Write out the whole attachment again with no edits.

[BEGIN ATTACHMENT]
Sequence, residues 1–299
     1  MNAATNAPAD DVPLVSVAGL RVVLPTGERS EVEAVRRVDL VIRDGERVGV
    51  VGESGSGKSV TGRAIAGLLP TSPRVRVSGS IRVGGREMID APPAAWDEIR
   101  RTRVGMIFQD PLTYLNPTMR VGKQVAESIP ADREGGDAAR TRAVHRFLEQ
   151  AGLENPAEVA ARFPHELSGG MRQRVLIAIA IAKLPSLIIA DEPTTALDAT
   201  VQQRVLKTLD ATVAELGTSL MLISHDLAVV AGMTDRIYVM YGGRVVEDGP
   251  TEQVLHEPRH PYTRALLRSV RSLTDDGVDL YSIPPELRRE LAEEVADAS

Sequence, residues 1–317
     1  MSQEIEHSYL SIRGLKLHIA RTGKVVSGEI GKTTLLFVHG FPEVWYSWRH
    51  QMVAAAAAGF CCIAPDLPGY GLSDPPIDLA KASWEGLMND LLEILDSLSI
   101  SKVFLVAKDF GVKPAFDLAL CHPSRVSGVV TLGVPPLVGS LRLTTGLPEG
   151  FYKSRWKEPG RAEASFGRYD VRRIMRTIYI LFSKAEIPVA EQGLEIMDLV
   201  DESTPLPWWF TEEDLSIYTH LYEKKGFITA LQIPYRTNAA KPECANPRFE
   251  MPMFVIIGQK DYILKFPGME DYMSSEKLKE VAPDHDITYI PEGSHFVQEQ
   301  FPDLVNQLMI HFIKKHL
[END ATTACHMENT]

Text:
Sequence, residues 1–299
     1  MNAATNAPAD DVPLVSVAGL RVVLPTGERS EVEAVRRVDL VIRDGERVGV
    51  VGESGSGKSV TGRAIAGLLP TSPRVRVSGS IRVGGREMID APPAAWDEIR
   101  RTRVGMIFQD PLTYLNPTMR VGKQVAESIP ADREGGDAAR TRAVHRFLEQ
   151  AGLENPAEVA ARFPHELSGG MRQRVLIAIA IAKLPSLIIA DEPTTALDAT
   201  VQQRVLKTLD ATVAELGTSL MLISHDLAVV AGMTDRIYVM YGGRVVEDGP
   251  TEQVLHEPRH PYTRALLRSV RSLTDDGVDL YSIPPELRRE LAEEVADAS

Sequence, residues 1–317
     1  MSQEIEHSYL SIRGLKLHIA RTGKVVSGEI GKTTLLFVHG FPEVWYSWRH
    51  QMVAAAAAGF CCIAPDLPGY GLSDPPIDLA KASWEGLMND LLEILDSLSI
   101  SKVFLVAKDF GVKPAFDLAL CHPSRVSGVV TLGVPPLVGS LRLTTGLPEG
   151  FYKSRWKEPG RAEASFGRYD VRRIMRTIYI LFSKAEIPVA EQGLEIMDLV
   201  DESTPLPWWF TEEDLSIYTH LYEKKGFITA LQIPYRTNAA KPECANPRFE
   251  MPMFVIIGQK DYILKFPGME DYMSSEKLKE VAPDHDITYI PEGSHFVQEQ
   301  FPDLVNQLMI HFIKKHL